Thank you to David Gross, great-grandson-in-law of STEM-ma Maria Dee Salmonson, who took the time to write this terrific post about Fannie Gordon. If anyone has a picture of her that we could share, we’d appreciate it.

Fannie M. Gordon operated computers in the 1950′s Los Angeles office of the National Bureau of Standards (NBS), known after 1988 as the National Institute of Standards and Technology (NIST). She contributed to some great and lasting works in numerical linear algebra, and appears to be acknowledged only in the footnotes of mathematical history. After the publication of Lanczos’ eponymous algorithm and a another great work by Hestenes and Karush, a colleague of theirs by the name of Rosser came together with them to publish a test case that would apply to both, and all future methods of finding tricky eigenvalues*. It is essential that we find the eigenvalues of matrices because they (and their relatives) can tell us about the short, medium, and long term behavior of real life systems like the economy or the climate. This was considerably difficult, and required calculations that ran for days on behemoth computers. Given the importance of having a benchmark for these calculations, the four published a paper about theirs, with Gordon only finding acknowledgement elsewhere than on the title page:

There’s isn’t much to be found about Gordon, but it appears she had worked with Lanczos before at the Institute for Numerical Analysis (INA, the name for the offices of the NBS on the campus of UCLA). With this hint a much more appreciative account was uncovered in Lanczos’ previous paper. It displays his passion in explaining the high fidelity calculations the algorithm requires, the astonishing results it provides, as well as deep admiration for that work contributed by Gordon to the collaboration:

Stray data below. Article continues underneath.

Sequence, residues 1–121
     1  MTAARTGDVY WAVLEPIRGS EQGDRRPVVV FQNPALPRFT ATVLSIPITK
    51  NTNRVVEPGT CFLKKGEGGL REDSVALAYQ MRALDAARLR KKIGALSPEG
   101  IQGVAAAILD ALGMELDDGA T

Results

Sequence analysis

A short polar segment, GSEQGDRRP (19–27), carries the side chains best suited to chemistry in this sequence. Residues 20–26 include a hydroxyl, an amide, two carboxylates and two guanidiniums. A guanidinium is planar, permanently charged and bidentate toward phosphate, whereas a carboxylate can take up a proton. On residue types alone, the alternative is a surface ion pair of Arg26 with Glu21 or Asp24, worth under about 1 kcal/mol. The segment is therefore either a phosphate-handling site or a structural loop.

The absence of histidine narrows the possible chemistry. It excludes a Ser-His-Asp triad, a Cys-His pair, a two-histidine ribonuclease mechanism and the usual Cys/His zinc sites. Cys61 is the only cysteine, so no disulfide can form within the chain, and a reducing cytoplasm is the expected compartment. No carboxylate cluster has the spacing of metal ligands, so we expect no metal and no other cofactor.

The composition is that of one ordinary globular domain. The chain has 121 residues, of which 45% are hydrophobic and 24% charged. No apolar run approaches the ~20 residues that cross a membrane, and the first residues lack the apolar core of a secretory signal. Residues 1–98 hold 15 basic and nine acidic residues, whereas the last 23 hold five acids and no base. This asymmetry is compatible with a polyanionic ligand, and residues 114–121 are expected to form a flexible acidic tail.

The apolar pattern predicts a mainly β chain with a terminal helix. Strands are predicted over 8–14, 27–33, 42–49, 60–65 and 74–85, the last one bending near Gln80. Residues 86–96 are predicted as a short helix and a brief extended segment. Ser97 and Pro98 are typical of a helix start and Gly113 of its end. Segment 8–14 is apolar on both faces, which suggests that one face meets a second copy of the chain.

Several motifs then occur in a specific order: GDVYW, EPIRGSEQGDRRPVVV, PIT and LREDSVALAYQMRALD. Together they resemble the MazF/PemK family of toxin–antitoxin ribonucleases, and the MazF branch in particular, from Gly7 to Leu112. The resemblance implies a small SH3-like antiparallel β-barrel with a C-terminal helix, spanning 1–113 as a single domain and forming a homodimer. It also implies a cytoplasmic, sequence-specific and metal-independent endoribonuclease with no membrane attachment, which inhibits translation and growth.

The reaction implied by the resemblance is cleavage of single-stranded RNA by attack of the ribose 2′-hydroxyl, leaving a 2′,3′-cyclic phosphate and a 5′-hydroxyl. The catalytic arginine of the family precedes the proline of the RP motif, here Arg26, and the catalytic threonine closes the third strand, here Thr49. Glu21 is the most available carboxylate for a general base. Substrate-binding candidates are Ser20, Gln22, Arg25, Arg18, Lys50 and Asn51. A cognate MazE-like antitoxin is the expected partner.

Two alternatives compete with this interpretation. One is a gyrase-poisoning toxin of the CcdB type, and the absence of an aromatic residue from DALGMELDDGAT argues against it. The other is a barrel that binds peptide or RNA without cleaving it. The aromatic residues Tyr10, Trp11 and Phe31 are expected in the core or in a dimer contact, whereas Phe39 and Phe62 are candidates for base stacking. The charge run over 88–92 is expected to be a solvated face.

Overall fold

While she didn’t go down in the record books like Lanczos and friends, it’s great to see that her work behind the scenes was appreciated and talked about, a part of mathematical history we don’t talk about now as much as we should. For another peak into this corner of the mathematical world, check out the list of all of the NBS/NIST staff members mentioned in A Century of Excellence in Measurements, Standards, and Technology: A Chronicle of Selected NBS/NIST Publications, 1901-2000 [Text, Google Books]. *On eigenvalues: when you go out in the world, you make an impact and push things in the direction of the values you believe in, and certain values are more important to you than others. Matrices (arrays of numbers) do the same thing with the (eigen)values they espouse. Check out a longer post about the eigenvalues in this test matrix and the deeper dive into computational history from which this post was adapted.